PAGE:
From that day, I spent 38 days in the MHU, 14 days in a shelter, eight weeks in a trauma-based treatment facility, and four months in a treatment facility. This was only possible because Macgregor got in contact with Victim Services. I have a feeling he may have been persistent with them to contact me due to my situation, only based on the fact that the person I spoke with told me I could let him know they had gotten a hold of me and he didn’t need to call anymore.

Officer Macgregor saw me one more time at the hospital to check up on me to see how I was doing. He would be the only visitor I had. When I returned from treatment, we got to see each other again because I still required to get fingerprinted. Still, I was treated with respect and dignity. I did plead guilty and I have a criminal record. MacGregor took the time to be part of my recovery. He was present when I celebrated clean time. He has also helped guide me when I became a victim of a crime. He supported me by being present when I spoke with the detective, knowing that my fear of police was a barrier. To be revictimized can have a devastating effect on survivor. However, the words of encouragement empowered me to reclaim my voice and keep going because he believed in me. He made this all possible.

Today, I am now able to help survivors find the success in recovery and justice in healing from wounds that leave a person in a state of spiritual decay. The day I was arrested was the day my life changed. The actions that Officer MacGregor took have a direct result on why I am alive today. I believe in a higher power and I know that was my God’s intervention. We often recognize police officers for the bravery and leadership or community presence. What we fail to realize is it’s the actions done in the key roles and responsibilities of the job description that have the most profound impact on the lives of the people they serve.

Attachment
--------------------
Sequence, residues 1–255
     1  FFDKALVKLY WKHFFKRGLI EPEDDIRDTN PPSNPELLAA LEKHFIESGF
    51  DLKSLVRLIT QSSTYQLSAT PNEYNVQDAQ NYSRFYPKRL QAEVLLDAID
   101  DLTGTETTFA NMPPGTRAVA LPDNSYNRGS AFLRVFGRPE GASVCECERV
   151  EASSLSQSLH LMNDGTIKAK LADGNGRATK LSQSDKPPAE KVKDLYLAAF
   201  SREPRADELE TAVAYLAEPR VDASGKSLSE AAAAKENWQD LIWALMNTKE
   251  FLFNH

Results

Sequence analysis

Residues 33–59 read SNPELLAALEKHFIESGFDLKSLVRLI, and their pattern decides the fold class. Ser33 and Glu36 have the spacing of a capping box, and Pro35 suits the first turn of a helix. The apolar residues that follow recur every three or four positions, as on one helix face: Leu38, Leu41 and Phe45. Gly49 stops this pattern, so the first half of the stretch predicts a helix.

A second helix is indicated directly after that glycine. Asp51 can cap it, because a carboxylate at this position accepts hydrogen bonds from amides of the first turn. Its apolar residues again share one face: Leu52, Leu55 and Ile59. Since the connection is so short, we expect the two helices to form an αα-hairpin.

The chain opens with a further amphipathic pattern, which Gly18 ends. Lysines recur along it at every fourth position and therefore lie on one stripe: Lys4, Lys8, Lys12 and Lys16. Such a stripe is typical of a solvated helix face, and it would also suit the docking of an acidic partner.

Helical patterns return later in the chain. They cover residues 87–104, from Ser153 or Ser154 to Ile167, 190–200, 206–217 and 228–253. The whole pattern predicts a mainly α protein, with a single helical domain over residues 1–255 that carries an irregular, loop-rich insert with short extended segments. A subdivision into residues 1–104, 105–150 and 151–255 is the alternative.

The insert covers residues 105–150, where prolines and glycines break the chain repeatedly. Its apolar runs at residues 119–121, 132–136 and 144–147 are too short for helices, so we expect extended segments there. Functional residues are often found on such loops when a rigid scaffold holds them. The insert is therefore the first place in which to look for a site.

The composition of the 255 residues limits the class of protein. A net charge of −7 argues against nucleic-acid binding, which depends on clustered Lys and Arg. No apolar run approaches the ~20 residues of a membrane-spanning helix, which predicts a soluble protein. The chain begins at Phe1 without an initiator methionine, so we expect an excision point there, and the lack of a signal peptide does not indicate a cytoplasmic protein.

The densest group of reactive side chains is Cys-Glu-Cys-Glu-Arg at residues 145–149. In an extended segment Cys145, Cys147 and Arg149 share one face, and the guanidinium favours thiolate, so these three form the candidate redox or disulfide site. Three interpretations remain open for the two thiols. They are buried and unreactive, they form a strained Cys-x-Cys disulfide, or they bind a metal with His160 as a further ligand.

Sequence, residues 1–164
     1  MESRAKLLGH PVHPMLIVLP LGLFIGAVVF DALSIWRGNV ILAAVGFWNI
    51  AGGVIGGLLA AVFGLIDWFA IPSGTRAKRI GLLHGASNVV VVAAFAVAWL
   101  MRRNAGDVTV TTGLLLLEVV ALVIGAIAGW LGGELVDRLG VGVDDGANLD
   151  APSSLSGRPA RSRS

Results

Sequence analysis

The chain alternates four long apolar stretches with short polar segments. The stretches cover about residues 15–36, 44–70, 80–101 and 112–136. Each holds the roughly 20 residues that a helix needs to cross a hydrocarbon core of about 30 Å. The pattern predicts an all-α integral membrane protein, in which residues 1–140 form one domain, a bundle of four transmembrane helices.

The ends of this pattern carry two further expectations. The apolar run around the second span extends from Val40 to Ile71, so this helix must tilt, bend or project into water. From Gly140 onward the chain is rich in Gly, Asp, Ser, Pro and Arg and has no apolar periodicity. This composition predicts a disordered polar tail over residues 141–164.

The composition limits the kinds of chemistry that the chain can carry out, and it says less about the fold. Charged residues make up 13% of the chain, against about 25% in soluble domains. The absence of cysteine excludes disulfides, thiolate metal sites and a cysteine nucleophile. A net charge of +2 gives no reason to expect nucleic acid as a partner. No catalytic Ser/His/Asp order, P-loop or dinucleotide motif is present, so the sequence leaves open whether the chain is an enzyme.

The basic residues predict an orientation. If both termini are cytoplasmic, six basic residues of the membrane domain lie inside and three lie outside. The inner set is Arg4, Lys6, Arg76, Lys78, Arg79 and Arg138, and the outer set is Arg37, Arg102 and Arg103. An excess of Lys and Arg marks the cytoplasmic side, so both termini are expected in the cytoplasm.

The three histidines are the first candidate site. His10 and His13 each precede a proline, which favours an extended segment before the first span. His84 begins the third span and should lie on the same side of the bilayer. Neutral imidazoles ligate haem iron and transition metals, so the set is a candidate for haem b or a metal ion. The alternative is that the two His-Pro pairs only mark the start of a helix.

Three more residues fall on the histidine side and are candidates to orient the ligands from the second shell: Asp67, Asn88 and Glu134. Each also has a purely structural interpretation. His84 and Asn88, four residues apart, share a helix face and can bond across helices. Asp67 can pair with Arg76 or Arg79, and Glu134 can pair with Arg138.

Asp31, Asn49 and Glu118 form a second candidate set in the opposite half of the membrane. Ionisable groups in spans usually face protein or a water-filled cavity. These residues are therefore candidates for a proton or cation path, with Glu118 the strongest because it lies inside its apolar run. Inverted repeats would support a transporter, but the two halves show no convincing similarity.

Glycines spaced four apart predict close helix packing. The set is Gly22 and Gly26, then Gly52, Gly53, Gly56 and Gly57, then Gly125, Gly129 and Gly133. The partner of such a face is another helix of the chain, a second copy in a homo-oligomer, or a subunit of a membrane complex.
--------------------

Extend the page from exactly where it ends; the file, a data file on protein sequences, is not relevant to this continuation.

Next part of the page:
Officer MacGregor had no requirement to assist a person who had committed a crime that day. He initiated the help I so desperately needed. In this profession, burn out and desensitization as a result of exposure to difficult aspects of the job can often take away from those in the field. With the opioid epidemic, I would have been another statistic. I know the actions that Officer MacGregor took were not only because he is a good police officer, but I also believe he is a good person. His empathy and actions saved my life. I am the daughter, mother, friend and neighbor that I wouldn’t have had the chance to be if Officer MacGregor was not the police officer that arrested me that day. Therefore, I think Officer MacGregor from the South Porcupine OPP detachment should be recognized for his service.